Item Details

Interview With Matthew J. Perry

Elwood, William A; Kulish, Mykola
Online; Online Video; Video
2006; 1987-09-19
Part one. Judge Matthew Perry recalls his service in the US Army during World War II in Europe. His travels overseas allowed him to participate in a society without segregation. He discusses his upbringing and education, especially the segregation of higher education institutions. He decided to be a lawyer after seeing Thurgood Marshall and Robert Carter try a case in Columbia, South Carolina concerning segregation in education. Part two. Judge Perry recounts the story of seeing Thurgood Marshall and Robert Carter try a case to desegregate South Carolina University Law School. Perry's own law school alma mater, South Carolina State College Law School, was established in response to the above case. He practiced law in South Carolina until his 1976 appointment to the federal judiciary serving on the United States Court of Military Appeals. During his private practice, he fought to desegregate grand juries. Part three. Judge Perry talks about the state of the New South. He discusses how the law was used to institutionalize racism in America. He notes that it was also the law that was used to defeat the system. He goes over the legal strategy he and his colleagues used to integrate colleges and graduate schools in South Carolina. He talks about Briggs v. Elliott, one of the Brown v. Board of Education cases. Part four. NAACP Legal Defense Fund and NAACP General Counsel provided money and expertise to small, local lawyers all over the South. Judge Perry remarks on Baker v. Carr and various sit-in and protest cases like Edwards v. South Carolina.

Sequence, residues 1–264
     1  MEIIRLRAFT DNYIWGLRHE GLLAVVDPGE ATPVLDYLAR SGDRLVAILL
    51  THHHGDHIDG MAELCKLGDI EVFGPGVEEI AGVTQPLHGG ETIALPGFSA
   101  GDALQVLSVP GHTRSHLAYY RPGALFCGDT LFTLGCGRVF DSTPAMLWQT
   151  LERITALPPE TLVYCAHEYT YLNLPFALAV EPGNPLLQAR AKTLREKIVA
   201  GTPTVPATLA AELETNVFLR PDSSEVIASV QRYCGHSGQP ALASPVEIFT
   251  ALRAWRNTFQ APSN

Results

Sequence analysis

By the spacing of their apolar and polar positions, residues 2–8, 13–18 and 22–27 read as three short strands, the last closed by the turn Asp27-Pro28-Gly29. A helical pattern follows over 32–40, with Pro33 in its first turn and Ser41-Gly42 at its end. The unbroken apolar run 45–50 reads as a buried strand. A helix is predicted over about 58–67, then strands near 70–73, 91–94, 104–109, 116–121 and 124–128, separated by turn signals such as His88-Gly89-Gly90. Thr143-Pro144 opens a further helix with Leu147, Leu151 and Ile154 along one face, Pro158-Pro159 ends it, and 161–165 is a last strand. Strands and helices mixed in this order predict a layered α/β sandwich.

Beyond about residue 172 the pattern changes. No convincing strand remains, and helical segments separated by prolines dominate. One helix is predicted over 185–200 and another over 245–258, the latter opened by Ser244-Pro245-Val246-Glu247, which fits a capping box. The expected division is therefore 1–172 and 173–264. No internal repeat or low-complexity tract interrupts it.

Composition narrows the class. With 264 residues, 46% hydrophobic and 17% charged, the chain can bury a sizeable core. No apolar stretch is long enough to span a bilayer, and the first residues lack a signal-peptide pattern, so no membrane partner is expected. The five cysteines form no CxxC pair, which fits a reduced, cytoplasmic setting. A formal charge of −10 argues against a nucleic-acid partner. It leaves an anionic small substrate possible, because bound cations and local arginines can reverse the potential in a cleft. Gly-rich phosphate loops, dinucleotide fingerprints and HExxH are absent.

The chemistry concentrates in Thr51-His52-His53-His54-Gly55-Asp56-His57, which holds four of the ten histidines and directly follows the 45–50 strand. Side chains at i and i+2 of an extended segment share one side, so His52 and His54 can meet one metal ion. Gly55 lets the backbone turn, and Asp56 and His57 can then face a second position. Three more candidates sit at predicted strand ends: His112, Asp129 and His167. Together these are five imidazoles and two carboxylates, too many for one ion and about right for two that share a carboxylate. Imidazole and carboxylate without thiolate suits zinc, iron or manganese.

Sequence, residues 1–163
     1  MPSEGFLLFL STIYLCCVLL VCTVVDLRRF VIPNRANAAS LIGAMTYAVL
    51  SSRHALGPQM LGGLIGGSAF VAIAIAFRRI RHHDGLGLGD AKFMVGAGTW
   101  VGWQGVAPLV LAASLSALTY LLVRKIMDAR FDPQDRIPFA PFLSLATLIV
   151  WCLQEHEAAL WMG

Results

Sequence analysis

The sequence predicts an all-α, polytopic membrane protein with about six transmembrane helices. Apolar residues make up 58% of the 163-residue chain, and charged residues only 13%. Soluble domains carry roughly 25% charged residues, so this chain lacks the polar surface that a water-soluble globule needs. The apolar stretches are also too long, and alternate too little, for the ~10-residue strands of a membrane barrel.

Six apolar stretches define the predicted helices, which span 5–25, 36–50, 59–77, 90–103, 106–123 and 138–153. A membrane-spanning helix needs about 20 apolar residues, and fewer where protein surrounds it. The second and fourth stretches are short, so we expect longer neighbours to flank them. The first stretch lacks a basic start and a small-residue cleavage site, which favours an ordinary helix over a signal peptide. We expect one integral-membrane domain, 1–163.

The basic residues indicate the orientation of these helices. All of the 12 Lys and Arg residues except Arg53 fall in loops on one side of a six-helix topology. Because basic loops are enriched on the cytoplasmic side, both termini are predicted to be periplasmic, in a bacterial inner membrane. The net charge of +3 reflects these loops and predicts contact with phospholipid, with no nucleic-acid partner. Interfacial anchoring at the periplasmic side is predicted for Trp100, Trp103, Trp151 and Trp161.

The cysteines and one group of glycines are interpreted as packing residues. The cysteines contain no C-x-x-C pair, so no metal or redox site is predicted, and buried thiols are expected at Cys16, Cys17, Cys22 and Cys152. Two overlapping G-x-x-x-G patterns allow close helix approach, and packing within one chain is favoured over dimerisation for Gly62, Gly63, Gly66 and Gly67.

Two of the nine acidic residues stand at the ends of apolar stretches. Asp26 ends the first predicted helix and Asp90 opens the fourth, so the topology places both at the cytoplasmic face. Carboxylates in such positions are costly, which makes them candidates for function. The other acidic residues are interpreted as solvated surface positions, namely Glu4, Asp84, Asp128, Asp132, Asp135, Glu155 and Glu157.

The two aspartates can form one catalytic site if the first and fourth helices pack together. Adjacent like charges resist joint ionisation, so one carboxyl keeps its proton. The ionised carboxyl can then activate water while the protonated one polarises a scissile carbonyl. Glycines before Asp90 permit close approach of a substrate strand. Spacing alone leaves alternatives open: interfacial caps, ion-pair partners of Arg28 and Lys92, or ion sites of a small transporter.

Elwood, William A
Kulish, Mykola
Perry, Matthew J. (Matthew James), 1921-
Digitized by: Cincinnati, Ohio : The PPS Group, 2006.
Source footage for the documentary, The road to Brown : the untold story of “the man who killed Jim Crow” (California Newsreel, 1990), about the life of Charles Hamilton Houston, his crusade for civil rights, and the events that led to Brown v. the Board of Education, the 1954 Supreme Court decision that declared the doctrine of separate but equal to be illegal.
Title supplied by cataloger.
Recorded at Columbia, South Carolina.
William A. Elwood Civil Rights Lawyers Project
Related Resources
View online
Related Items
Road to Brown : the untold story of "the man who killed Jim Crow."
William A. Elwood Civil Rights Lawyers Project
Logo for Copyright Not EvaluatedCopyright Not Evaluated